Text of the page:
Activities or opportunities?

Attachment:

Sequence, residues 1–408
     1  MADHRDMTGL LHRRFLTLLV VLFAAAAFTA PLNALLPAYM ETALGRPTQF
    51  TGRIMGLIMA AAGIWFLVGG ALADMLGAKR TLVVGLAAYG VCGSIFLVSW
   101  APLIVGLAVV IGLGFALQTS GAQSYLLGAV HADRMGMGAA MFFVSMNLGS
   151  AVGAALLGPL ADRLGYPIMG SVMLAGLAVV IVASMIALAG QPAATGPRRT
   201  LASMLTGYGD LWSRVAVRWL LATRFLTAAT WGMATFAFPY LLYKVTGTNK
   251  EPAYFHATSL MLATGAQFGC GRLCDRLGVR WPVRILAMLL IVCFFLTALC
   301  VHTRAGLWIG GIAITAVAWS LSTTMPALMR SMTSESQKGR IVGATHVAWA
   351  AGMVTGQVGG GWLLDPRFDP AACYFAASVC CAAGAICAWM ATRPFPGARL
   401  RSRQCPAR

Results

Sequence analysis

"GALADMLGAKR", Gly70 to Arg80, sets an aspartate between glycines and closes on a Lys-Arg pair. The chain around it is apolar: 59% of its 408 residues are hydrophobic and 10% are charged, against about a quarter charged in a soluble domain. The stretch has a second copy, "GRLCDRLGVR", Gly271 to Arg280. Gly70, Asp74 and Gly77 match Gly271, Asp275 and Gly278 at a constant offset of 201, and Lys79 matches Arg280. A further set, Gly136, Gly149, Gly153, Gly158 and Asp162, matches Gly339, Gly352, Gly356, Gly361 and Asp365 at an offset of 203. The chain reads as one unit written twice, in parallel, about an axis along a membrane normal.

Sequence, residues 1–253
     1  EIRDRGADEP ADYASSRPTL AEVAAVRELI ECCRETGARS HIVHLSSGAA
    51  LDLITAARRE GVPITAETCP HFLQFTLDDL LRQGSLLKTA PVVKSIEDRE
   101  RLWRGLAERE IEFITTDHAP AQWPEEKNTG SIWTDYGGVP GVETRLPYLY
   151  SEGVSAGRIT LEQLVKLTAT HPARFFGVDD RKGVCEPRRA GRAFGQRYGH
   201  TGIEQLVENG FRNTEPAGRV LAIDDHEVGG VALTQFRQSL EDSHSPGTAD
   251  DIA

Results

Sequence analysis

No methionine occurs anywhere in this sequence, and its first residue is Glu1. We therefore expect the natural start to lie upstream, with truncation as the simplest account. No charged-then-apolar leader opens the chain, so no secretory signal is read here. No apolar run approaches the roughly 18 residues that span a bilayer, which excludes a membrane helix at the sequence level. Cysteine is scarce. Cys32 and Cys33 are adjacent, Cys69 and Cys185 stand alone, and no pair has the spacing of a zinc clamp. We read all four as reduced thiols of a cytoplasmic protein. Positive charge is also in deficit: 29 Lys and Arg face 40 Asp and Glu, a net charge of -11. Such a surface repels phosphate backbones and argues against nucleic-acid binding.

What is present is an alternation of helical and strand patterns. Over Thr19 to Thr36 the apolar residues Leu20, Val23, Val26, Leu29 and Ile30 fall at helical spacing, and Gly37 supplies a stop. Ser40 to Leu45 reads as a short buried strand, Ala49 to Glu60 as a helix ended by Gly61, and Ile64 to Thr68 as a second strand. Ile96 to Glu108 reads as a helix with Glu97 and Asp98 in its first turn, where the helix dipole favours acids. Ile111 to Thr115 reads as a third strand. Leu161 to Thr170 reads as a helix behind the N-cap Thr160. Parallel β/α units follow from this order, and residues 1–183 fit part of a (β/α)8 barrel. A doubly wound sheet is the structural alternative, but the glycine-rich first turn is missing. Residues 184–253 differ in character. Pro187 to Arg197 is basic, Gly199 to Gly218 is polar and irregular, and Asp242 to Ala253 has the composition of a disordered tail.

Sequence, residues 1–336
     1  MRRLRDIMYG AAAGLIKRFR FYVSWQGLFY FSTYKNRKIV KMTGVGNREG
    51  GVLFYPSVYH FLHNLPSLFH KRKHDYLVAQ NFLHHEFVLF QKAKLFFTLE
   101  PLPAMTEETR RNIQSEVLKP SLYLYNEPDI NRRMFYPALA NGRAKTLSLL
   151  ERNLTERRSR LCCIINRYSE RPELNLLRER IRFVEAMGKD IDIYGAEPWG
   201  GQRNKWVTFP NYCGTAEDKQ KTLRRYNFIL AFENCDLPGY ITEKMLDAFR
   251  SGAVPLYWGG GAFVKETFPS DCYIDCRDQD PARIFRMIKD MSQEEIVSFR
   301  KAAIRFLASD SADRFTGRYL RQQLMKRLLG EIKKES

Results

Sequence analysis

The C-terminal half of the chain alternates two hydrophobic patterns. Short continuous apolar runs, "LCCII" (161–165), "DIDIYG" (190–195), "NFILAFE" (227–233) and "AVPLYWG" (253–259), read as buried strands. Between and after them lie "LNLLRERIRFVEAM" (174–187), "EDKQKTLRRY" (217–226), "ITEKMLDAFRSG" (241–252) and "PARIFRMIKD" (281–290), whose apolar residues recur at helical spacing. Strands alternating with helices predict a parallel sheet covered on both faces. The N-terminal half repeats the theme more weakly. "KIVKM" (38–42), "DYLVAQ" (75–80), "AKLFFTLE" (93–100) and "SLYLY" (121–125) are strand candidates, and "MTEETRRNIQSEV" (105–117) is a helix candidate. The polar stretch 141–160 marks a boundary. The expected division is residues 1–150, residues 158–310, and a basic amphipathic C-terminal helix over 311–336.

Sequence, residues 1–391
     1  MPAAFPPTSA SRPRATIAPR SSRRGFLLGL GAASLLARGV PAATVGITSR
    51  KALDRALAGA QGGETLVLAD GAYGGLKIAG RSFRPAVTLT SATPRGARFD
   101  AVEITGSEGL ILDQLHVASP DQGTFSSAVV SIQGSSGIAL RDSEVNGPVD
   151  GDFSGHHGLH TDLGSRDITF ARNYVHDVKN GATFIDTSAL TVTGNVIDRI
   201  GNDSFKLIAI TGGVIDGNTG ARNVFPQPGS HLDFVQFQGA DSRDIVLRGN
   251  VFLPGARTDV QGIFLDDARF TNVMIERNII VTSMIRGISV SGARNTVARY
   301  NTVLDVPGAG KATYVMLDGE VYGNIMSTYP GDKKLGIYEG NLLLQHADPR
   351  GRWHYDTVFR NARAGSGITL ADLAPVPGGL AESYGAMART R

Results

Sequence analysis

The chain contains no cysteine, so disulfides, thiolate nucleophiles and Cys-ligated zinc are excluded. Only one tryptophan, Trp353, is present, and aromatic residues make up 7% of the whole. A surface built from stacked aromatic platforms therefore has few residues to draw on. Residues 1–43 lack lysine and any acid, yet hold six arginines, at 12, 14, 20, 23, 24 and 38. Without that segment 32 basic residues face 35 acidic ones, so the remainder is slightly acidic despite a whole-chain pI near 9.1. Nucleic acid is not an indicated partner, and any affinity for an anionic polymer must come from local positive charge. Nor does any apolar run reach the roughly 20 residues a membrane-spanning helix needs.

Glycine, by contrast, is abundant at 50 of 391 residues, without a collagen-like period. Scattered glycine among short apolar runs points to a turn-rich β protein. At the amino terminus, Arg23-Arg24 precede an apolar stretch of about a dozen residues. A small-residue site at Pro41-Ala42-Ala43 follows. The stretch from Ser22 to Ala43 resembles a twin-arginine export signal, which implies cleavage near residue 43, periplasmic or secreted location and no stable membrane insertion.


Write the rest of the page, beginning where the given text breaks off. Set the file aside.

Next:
Those of you who've been following this blog for a while may have noticed that I used to work with children. Now I support childcare providers and spend a lot of time advising practitioners that it really is better to provide learning opportunities rather than teaching activities. An activity for teaching might be showing a group of children how to connect pieces of a train track and then move the trains around that track. The children will watch and they may play with it for a while but I doubt it will stimulate them. An opportunity for learning with the same resources might be to put out all the components of the train track and then leave the children to their own devices. I can almost guarantee you won't get what you expect and probably won't even get a train track. They might be set up to create a domino run, laid end to end to see who can make the longest line, stacked to see who can build the highest tower ..... It won't be what you think but it will keep them occupied for far longer than the train track you built earlier and will be far more stimulating for their brains. Some children may also decide to have nothing to do with your activity/opportunity but instead choose to sit quietly gathering their thoughts. My point here is that we often think people with dementia need to be kept busy and stimulated and that is a great idea but it might not always be what they want. I have tried many ideas with Ash from jigsaws showing the area where he grew up to getting the keyboard out of the loft (he used to play the piano very well) to suggesting he mows the churchyard (which he used to take such pride in) and on and on. All of these would have kept him busy on a daily basis but most of the time if I suggest things he definitely doesn't want to do them. Instead I now start doing something and then realise it's too complicated/heavy/a 'boy' job (private joke). When I abandon the task telling him I just can't manage it I often come back to find him busy finishing off what I've messed up. This does wonders for his confidence, keeps him busy and allows him to feel superior. Not only that but the job gets done. This seems to me to be a better idea than me coming up with an 'activity' which he always resists anyway. Some days he just sits and does nothing which is also ok as, if there's one thing that dementia has taught me, it's that nothing is urgent.